I’ve stumbled upon quite a few occurrences of weird AI behaviour, like some bats that didn't move or attack, yet yielded a decent amount of experience when killed.
    There was a number of dialogue duplications, as well as items being acquirable and creatures spawning more than once. For example, in the beginning an NPC named Grano sends you on a quest to obtain a sword, and you will be rewarded with a set of Grano Gear. However, you can persuade him to give you this immediately to help you on the quest, and then get another set once completed. In another case an NPC named Elvira spawned twice doing a conversation.
    Often when there was a trigger on the ground for some dialogue (like "best be careful" or similar), the dialogue would appear over all the party members and summons, and each time you passed the trigger (instead of just once as intended).

    Difficulty

    CC1 is an extremely difficult module! Which, I think, is the main reason why it got such a high rating at NWvault. Actually, CC1 is the most difficult NWN module I've ever played. However, it seems a little lazily scripted. Instead of having unique creatures with hard-to-beat scripts, Abaddon relies more on the amount of enemies you'll be facing in each fight. This scenario is one you'll find yourself facing more than once; multiple enemies closing in on you, often rated moderate or challenging, with the possibility of very difficult or overpowering foes amongst them as well. I was actually frustrated with the difficulty of the module and found myself resorting to reloading a lot. Of course, with the respawn system you can just get resurrected and continue fighting, but that caused some other problems. Money and experience penalty aside, you would often just spawn back into the middle of a mob of monsters, triggering attacks of opportunity all around. It's not a rare sight to respawn only to get killed almost instantly again. Of course, you can rest and buff up in the respawn area, but if you're a melee class or some such, and your henchman died during the fight (s)he won't come with you to the respawn area and you' won't have anyone to buff you.
    Another example of the insane difficulty is a group of water elementals I stumbled upon. They would one-shoot me if I failed a Fortitude save, which I did, and was killed and respawned 5 times in a row only to get killed again instantly!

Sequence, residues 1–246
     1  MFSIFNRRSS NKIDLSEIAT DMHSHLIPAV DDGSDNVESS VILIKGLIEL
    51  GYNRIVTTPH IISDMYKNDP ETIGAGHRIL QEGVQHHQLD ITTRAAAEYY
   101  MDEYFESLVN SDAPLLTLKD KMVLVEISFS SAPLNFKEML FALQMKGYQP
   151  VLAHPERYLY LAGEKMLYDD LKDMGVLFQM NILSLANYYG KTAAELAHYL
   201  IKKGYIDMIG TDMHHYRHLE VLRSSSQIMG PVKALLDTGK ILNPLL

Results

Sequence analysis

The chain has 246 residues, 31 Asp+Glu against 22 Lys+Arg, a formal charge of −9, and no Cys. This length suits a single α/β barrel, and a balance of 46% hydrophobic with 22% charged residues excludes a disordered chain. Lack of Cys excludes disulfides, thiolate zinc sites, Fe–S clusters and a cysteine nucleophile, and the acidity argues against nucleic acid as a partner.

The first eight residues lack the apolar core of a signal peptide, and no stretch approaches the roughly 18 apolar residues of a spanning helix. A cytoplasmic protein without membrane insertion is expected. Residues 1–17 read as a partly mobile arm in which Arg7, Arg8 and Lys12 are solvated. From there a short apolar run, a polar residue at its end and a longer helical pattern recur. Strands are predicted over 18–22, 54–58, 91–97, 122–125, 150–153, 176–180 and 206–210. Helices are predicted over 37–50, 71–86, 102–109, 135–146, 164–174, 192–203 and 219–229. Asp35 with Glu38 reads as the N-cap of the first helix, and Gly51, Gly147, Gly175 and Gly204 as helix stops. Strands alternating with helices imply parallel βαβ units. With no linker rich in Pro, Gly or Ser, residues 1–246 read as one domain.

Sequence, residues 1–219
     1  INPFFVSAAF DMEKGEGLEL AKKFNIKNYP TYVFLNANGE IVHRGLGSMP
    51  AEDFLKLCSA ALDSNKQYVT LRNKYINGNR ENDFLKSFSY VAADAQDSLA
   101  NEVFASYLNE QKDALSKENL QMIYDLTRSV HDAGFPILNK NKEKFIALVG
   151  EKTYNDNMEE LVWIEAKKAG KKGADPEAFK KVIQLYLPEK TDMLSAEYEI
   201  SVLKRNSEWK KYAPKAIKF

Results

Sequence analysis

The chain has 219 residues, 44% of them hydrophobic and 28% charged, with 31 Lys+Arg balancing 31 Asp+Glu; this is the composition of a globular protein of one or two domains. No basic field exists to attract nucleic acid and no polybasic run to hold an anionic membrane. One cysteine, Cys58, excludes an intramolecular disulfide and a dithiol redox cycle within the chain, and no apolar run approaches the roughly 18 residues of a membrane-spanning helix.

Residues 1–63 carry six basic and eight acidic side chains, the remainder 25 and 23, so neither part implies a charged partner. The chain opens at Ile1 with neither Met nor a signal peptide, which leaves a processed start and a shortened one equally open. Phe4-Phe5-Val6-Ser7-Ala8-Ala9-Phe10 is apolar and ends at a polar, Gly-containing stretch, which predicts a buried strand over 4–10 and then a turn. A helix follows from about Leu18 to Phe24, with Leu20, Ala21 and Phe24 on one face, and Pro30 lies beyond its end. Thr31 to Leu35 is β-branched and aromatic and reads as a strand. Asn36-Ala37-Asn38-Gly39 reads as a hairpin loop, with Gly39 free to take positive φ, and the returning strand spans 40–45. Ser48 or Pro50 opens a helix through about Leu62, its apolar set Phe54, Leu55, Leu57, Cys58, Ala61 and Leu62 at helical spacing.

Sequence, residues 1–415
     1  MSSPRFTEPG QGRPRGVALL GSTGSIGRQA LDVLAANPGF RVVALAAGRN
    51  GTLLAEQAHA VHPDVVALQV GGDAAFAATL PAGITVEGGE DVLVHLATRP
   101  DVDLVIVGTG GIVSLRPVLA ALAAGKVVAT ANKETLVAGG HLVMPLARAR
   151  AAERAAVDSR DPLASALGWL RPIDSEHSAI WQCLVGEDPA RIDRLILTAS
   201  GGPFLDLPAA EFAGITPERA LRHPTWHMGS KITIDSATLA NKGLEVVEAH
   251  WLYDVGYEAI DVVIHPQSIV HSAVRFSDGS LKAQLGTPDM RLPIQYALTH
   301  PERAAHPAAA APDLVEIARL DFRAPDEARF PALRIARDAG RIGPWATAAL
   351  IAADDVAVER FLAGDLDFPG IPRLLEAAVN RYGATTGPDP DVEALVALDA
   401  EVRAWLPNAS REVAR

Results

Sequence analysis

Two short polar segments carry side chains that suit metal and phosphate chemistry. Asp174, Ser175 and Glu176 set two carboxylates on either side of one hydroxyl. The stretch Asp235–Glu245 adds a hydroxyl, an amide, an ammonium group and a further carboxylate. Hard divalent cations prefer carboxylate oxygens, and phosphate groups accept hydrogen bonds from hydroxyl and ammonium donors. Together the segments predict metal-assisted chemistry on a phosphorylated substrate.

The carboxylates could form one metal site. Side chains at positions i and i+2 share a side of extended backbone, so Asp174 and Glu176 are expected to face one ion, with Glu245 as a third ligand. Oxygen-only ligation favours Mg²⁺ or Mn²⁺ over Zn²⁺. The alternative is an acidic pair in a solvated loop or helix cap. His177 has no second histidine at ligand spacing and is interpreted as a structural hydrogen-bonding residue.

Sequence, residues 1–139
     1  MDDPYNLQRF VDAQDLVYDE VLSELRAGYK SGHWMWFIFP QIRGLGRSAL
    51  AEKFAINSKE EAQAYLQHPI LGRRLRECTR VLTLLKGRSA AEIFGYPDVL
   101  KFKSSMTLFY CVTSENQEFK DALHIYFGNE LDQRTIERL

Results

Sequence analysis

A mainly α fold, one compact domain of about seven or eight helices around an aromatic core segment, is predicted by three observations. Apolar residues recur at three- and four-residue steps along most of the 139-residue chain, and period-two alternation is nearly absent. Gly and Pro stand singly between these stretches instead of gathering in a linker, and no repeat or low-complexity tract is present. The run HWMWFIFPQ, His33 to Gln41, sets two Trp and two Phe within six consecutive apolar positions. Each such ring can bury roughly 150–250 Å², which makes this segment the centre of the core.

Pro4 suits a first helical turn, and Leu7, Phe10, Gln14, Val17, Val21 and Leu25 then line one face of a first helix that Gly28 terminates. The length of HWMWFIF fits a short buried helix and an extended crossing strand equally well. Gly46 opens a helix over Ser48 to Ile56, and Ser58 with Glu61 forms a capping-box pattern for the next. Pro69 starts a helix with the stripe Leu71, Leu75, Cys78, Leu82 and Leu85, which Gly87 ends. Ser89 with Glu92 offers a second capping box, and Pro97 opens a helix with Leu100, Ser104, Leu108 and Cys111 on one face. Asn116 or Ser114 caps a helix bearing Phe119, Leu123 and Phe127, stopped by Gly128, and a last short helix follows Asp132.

Visuals

    The visuals of CC1 make up for a lot of its other flaws. I found it to be very beautiful! Below are some of my favourite scenes from the module:

    Bugs and Oddities

    I stumbled upon a few bugs in "CC1: Gates of Myth Drannor", all of which are listed below:

    • AI bug with a bat not moving nor fighting yet yielding decent experience to kill.
    • Found a "Tangle Vine" that could be picked infinitely.
    • The module is built for level 5 characters climbing the heights to level 10, however you are not levelled up to 5 at the beginning if starting with a fresh level 1 character. Instead you have to activate the console using the tilde (~) button, set "DebugMode 1" and use "dm_levelup" (both case sensitive, without the quote marks) and level yourself up to 5.
    • King Haigor Li Sengess stopping on his way, and having to re-initiate dialogue several times to get him to move on to where he's supposed to go.
    • King Haigor Li Sengess simply disappeared after the dialogue on my second runthrough, and the only reason I wasn't completely lost was because it was my second runthrough and I knew where to go (for first timers, follow the path from where you came when you first entered the area and take the first path on your right where there'll be a new area exit. Haigor Li Sengess will be found in that new area).
    Summary

    As you have probably noticed having read this far, I’m not very fond of "CC1: Gates of Myth Drannor". It was too hack 'n' slash for me, and though supposedly heavy on roleplay in the NWvault description, I found it to be lacking just that. The weak ending makes it work very poorly as a stand-alone module, and you really can't say CC1 without saying CC2 as well.
    All-in-all if you like heavy and hard combat I'm sure you'll enjoy CC1 quite a lot, though I would recommend that you play it with friends, allowing for more people (as you can only ever have one henchman) instead of going solo simply because it can be so frustratingly hard to hack your way through the hordes of enemies.

    I would rate it 2 out of 6 possible stars.